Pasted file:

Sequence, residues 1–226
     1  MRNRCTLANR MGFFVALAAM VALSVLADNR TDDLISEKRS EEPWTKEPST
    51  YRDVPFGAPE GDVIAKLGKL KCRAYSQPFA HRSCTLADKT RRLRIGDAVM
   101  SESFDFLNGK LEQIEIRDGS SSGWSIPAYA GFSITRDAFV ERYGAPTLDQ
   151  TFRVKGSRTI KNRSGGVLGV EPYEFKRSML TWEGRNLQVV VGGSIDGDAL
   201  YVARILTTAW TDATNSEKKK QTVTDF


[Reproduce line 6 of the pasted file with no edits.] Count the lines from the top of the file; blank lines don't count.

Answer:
   201  YVARILTTAW TDATNSEKKK QTVTDF